The Conservatory of Flowers is among the San Francisco attractions that could soon see prices go up for visitors during busy times. (Ming Vong/S.F. Examiner)

The Conservatory of Flowers is among the San Francisco attractions that could soon see prices go up for visitors during busy times. (Ming Vong/S.F. Examiner)

Surge pricing for nonresident admission at tourist attractions clears first hurdle

City argues plan would help fund free admission for low-income residents, control crowds

Surge pricing for admission of non-residents to visit four popular tourist attractions was backed Thursday by a Recreation and Park committee.

As reported by The Examiner on Wednesday, the plan would allow the Recreation and Park Department to raise non-resident admission fees by as much as 50 percent and decrease them by 25 percent for the Japanese Tea Garden, Coit Tower Elevator, San Francisco Botanical Gardens and the Conservatory of Flowers.

The plan would help the department generate revenue and also manage level of attendance.

It would not impact resident admission prices.

The department said they are proposing the new pricing scheme at a time when they are joining The City’s SF For All pass, which will allow 225,000 low-income residents free admission to the Japanese Tea Garden and the Conservatory of Flowers. Admission for residents into the Botanical Gardens is currently free.

However, it wasn’t made clear how much the department expects to generate from the surge pricing rates and what impact the free access would have.

Non-resident admission charges are currently $9. A 50 percent mark up would bring it to $13.50.

The department provided the San Francisco Examiner with attendance information for both nonresidents and residents.

In the last fiscal year, approximately 174,000 nonresidents visited the Botanical Gardens, 127,000 the Conservatory of Flowers, 143,000 the Coit Tower elevators and 402,000 the Japanese Tea Garden. With adult admission set at $9, that would bring in around $7.6 million.

The number of residents who visited the Botanical Garden was 228,050, the only site where residents outnumbered non-residents and the only site were residential admission is free.

At the Conservatory of Flowers 13,591 residents paid a $6 admission fee.

Over at Coit Tower 143,346 nonresident adults paid for the elevator at $9, while 3,240 residents paid the $6 admission to ride the elevator.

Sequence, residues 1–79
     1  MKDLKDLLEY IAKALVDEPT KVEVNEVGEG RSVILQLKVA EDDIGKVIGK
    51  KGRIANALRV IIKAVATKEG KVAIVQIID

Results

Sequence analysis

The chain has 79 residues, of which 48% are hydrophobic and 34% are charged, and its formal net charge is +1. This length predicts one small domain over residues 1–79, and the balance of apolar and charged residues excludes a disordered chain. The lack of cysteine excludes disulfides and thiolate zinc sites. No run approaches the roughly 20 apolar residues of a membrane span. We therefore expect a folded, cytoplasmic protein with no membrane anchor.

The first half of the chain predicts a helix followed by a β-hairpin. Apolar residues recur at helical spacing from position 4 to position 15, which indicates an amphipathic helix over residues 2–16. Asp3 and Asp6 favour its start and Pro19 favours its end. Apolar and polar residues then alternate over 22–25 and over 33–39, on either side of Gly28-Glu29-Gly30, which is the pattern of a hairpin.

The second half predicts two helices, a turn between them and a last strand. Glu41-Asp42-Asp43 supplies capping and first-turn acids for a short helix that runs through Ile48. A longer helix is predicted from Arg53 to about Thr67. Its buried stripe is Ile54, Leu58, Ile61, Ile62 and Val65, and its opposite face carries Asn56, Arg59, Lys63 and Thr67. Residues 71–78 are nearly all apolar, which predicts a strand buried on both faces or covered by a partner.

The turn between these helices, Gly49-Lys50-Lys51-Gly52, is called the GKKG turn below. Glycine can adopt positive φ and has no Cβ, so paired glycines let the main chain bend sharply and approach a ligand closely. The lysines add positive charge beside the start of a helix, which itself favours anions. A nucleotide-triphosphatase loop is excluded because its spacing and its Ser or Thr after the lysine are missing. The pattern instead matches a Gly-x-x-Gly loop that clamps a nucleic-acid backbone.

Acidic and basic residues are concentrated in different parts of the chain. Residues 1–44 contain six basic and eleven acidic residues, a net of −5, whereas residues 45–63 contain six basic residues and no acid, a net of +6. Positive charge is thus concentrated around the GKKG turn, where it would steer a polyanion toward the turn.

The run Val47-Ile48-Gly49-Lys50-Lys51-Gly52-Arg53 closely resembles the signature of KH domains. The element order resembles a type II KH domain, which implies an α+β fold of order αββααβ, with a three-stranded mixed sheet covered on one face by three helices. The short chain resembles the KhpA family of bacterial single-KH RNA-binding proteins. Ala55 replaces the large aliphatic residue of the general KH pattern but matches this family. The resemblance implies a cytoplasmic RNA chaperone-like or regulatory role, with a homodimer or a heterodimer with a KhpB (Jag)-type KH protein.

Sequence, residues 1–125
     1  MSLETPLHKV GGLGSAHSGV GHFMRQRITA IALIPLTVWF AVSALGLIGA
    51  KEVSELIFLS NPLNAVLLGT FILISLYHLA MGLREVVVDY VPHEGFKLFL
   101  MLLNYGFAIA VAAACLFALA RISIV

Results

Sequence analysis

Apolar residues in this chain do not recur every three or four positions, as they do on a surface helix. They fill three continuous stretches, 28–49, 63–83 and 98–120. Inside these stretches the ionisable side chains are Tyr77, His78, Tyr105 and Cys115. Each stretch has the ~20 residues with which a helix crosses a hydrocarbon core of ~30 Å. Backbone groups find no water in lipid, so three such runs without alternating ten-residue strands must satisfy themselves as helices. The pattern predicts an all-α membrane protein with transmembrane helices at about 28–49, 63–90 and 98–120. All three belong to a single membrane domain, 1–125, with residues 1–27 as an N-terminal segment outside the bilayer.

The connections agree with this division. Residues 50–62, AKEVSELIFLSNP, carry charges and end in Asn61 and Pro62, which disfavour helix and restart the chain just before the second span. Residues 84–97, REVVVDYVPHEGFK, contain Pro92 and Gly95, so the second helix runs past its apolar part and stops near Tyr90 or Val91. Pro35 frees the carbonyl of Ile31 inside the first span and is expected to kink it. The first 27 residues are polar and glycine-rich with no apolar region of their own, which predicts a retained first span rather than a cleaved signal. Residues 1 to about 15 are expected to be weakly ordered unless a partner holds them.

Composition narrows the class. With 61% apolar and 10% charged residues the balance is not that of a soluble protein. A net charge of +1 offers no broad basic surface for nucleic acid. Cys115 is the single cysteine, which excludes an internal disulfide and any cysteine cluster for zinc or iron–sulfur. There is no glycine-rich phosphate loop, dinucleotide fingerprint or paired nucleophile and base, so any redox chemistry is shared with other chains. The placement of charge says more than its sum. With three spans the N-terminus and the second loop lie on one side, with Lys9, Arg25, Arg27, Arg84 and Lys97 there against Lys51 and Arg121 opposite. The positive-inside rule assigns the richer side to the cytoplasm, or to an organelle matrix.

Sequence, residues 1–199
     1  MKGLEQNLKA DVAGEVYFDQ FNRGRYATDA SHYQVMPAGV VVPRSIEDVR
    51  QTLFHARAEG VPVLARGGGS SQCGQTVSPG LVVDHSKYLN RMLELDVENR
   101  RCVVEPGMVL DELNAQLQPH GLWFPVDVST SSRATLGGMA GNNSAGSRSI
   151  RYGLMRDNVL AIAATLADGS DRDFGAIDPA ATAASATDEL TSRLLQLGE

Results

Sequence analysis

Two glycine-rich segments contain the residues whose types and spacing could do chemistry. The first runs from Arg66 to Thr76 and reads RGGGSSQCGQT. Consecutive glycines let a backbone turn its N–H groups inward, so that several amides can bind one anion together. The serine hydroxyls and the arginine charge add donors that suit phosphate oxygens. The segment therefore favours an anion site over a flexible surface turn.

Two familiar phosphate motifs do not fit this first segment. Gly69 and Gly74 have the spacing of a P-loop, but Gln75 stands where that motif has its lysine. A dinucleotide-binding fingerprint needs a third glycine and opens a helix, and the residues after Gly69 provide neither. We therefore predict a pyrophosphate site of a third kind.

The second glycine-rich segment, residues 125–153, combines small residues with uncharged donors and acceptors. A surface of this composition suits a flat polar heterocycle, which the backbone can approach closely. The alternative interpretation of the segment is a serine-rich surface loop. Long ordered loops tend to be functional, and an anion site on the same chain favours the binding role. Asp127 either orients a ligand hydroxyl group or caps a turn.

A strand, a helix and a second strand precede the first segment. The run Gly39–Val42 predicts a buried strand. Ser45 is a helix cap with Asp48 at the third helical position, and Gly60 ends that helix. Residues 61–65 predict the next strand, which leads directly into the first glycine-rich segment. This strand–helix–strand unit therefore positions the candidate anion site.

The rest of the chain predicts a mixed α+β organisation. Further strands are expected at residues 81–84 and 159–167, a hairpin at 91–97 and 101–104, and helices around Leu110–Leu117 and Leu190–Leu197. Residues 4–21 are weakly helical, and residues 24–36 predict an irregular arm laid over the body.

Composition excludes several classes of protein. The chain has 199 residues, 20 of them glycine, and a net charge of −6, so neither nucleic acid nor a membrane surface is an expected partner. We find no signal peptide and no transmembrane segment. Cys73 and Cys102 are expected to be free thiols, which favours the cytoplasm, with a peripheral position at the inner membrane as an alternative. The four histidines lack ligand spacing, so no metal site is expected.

The more than 400,000 non-resident vistors to the Japanese Tea Garden who paid the $9 admission fee generated $3.6 million while adult residents totaled 25,210 and paid $151,260 with the $6 entry fee.

The proposal was backed by such groups as the San Francisco Parks Alliance.

“We would like to ensure that these venues remain world class. And to that point this seems like a common sense solution to funding improvements and renovations that are desperately needed,” said Claude Imbault, associate director of partner experience for the Park Alliance.

John Golinger, of Protect Coit Tower, opposed the admission plan, arguing it “won’t help people visit Coit Tower.”

“What you are proposing is to raise fees at Coit Tower and not help people who are low income visit Coit Tower,” Golinger said. He argued The City should ask for a voluntary donation on top of what people pay to use the Coit Tower elevator now to help pay for low income visitors, if that was the goal of the program.

However Dana Ketcham, Rec and Park’s director of property and permit reservations, said Coit Tower was included for crowd management reasons.

“One of the major reasons we added it was to help the congestion in the tower and to get people to come in the earlier hours where it is really not as utilized,” she said.

The Recreation and Park Commission’s Operations Committee, which includes commissioners Mark Buell, Kat Anderson and Gloria Bonilla, voted 3-0 to recommend the proposal. The full seven-member commission will also need to approve the plan, as will the Board of Supervisors.

The department hopes to implement the new fee scheme beginning Sept. 1.

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